Both of these things are important so they feel connected to their Chinese heritage. It also helps to build understanding of Chinese culture, like food, traditions, TV and films, etc.
It’s important to me that we set realistic and reasonable goals. Learning a heritage language is always going to be challenging in an English-dominant environment. So my focus is to provide opportunities that support them to learn Chinese as best they can — rather than a specific milestone that I want them to achieve.
Playing with Chinese blocks
What is your approach to teaching Chinese?
I guess if I had to describe it, it’s partly OPOL (one person, one language) and partly winging it — hahaha.
Overall, I try to take my kids’ lead and make it fun and enjoyable. There is no reason to make it overly challenging or stressful because I don’t want to turn them off.
I try to integrate it into our day in small ways, so they always get a consistent dribble of Chinese exposure :).
Most of the time, I focus on just talking to them in Cantonese, no matter what we are doing — putting away dishes, shopping, shovelling snow, whatever. I try to get them to respond to me in Cantonese too (but I’m not too strict about this). Time with Grandma has also been great to reinforce what they already know.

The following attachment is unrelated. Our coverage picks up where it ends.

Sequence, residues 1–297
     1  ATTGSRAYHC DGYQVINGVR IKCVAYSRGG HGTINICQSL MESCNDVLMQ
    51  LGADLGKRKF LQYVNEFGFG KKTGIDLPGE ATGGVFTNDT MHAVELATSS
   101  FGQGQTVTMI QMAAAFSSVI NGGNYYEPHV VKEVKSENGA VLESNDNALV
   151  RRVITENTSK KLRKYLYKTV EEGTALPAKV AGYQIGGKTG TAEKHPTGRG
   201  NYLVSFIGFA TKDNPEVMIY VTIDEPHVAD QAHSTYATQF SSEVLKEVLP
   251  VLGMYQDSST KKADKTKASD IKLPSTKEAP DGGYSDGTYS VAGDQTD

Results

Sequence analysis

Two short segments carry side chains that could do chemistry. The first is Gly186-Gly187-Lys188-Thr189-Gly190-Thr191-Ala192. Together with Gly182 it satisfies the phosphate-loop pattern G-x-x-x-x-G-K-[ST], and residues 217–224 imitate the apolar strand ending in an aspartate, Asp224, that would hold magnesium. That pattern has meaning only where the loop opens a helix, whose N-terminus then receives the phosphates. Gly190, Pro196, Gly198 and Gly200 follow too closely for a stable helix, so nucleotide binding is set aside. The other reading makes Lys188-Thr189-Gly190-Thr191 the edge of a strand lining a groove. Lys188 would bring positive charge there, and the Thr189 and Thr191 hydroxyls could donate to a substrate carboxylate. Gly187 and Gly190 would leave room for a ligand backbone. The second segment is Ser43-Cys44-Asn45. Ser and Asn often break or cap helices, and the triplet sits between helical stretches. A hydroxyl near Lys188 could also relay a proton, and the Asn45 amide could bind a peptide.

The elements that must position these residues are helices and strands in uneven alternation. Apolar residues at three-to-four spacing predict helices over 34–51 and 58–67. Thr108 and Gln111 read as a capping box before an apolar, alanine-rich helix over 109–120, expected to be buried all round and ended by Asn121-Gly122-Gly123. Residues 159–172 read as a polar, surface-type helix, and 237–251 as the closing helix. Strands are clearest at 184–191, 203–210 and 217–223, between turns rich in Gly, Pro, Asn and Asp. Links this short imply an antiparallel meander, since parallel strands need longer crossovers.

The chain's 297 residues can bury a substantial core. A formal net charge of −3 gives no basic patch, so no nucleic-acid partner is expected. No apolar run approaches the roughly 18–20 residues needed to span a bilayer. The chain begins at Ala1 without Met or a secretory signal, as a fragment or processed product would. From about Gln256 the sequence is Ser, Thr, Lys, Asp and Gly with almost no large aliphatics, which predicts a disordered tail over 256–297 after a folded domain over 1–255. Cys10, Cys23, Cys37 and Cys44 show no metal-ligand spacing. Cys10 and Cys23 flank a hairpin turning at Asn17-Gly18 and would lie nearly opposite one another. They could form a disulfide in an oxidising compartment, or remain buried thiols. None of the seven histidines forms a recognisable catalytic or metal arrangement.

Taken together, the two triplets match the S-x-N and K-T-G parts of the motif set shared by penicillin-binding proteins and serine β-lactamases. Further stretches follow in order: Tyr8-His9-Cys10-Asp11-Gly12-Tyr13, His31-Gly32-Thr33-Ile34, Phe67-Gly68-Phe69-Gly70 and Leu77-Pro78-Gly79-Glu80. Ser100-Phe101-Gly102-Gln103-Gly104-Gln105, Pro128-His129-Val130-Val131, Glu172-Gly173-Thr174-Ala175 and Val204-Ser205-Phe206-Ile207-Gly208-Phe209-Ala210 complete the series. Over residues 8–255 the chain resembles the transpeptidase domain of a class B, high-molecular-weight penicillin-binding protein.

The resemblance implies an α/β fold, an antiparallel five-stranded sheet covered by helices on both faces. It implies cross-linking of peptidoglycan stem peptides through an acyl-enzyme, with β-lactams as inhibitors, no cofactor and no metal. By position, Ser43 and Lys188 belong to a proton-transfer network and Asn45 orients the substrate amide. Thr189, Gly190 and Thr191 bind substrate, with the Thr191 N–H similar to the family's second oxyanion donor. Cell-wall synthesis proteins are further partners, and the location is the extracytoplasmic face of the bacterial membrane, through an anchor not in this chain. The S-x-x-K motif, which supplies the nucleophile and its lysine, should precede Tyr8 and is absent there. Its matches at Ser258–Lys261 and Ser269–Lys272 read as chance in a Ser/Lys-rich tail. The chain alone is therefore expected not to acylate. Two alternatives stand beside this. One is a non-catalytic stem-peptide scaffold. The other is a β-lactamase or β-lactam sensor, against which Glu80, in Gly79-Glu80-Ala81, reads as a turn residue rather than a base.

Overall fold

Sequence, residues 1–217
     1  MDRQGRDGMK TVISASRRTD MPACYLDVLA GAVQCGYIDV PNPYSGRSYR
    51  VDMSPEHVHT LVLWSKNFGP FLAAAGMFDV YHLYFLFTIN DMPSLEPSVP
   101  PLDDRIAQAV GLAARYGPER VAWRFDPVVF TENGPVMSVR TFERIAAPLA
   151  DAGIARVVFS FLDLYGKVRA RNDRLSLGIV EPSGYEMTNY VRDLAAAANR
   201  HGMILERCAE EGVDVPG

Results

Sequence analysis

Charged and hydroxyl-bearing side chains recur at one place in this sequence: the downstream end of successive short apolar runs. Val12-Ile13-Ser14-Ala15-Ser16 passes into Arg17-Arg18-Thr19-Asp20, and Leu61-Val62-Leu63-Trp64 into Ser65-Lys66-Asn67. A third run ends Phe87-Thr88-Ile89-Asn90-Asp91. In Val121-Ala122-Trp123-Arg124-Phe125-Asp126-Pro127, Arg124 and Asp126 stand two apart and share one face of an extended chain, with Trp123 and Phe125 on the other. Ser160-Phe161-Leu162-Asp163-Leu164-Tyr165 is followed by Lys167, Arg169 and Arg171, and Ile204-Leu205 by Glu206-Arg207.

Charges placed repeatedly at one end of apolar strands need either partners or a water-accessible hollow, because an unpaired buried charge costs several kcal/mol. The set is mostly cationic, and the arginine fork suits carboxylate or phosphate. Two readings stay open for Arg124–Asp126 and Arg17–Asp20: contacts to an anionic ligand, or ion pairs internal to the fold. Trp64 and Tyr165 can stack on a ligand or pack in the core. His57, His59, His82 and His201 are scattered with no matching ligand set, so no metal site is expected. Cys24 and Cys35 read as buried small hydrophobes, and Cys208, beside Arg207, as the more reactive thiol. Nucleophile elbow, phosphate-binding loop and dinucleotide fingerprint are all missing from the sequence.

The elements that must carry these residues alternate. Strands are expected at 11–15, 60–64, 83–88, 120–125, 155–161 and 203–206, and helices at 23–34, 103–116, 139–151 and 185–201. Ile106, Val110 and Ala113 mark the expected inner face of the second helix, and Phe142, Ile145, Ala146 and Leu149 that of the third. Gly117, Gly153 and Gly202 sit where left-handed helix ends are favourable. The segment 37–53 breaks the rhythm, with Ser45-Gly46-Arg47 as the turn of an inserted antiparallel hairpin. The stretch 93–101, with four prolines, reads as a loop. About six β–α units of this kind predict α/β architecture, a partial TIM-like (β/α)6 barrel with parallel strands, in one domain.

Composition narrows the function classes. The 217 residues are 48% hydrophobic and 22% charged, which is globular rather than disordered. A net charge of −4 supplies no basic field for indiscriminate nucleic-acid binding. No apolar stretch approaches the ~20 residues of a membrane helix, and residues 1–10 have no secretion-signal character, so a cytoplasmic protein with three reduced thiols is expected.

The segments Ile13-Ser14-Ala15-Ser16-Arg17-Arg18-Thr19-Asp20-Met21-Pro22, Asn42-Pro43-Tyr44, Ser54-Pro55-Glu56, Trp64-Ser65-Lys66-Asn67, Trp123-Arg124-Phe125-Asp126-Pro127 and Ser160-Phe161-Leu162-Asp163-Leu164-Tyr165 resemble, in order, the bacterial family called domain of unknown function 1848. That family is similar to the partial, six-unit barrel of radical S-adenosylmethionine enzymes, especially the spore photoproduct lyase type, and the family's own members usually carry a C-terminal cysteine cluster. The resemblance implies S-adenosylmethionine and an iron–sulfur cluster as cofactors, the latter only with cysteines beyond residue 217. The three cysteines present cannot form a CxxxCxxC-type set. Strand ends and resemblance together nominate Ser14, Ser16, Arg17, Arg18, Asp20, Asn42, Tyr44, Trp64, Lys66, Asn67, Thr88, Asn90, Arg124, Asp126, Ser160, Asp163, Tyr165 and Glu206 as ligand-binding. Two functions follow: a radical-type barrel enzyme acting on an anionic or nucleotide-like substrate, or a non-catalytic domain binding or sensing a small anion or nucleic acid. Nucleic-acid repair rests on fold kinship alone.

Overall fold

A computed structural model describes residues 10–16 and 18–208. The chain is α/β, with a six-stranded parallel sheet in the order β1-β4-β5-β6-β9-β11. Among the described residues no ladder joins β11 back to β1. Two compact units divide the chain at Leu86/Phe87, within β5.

We also have a routine where we read books, sing songs, and play games in Cantonese. And sometimes do worksheets, or flashcards, or simple exercises on the whiteboard. We have found the Sage Books Basic 500 series and the Greenfield Leveled Readers useful. T also loves Welly Chinese. We also use Luka and a couple reading pens. Most screen time is also in Cantonese.
We’ve also done different classes — from toddler circle time to formal Chinese school. It was hard to find a Chinese school program that was a good fit for us, but right now Rhythm 'N' Rhyme and Locy Lee Learning have both been great, especially during the COVID pandemic.
"I try to integrate it into our day in small ways, so they always get a consistent dribble of Chinese exposure :)" — Ming
What is the most difficult thing about raising bilingual kids?
I’m not sure that I’m raising bilingual kids. That assumes that we’re aiming for a certain level of fluency. At the same time, I never thought about giving up — and this is probably because we have these same low expectations :)
That doesn’t mean I don’t get discouraged sometimes. Especially as the challenges continually change! Or when the kids don’t seem motivated or engaged, or whine “Mommy, why can’t you just speak English?”.